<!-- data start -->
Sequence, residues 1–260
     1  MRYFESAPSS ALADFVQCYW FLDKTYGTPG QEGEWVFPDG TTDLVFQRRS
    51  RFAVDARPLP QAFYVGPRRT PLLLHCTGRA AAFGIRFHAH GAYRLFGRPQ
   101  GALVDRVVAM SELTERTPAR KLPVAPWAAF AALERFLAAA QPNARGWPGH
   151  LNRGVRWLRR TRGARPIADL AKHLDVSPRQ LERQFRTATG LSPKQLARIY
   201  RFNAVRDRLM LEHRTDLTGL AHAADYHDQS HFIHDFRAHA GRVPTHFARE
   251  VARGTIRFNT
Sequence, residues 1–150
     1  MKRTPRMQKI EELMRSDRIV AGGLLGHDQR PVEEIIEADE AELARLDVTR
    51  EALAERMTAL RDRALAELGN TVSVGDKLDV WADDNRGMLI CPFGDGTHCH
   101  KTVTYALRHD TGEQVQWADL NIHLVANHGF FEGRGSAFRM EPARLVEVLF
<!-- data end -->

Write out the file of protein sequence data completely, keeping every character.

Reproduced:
Sequence, residues 1–260
     1  MRYFESAPSS ALADFVQCYW FLDKTYGTPG QEGEWVFPDG TTDLVFQRRS
    51  RFAVDARPLP QAFYVGPRRT PLLLHCTGRA AAFGIRFHAH GAYRLFGRPQ
   101  GALVDRVVAM SELTERTPAR KLPVAPWAAF AALERFLAAA QPNARGWPGH
   151  LNRGVRWLRR TRGARPIADL AKHLDVSPRQ LERQFRTATG LSPKQLARIY
   201  RFNAVRDRLM LEHRTDLTGL AHAADYHDQS HFIHDFRAHA GRVPTHFARE
   251  VARGTIRFNT
Sequence, residues 1–150
     1  MKRTPRMQKI EELMRSDRIV AGGLLGHDQR PVEEIIEADE AELARLDVTR
    51  EALAERMTAL RDRALAELGN TVSVGDKLDV WADDNRGMLI CPFGDGTHCH
   101  KTVTYALRHD TGEQVQWADL NIHLVANHGF FEGRGSAFRM EPARLVEVLF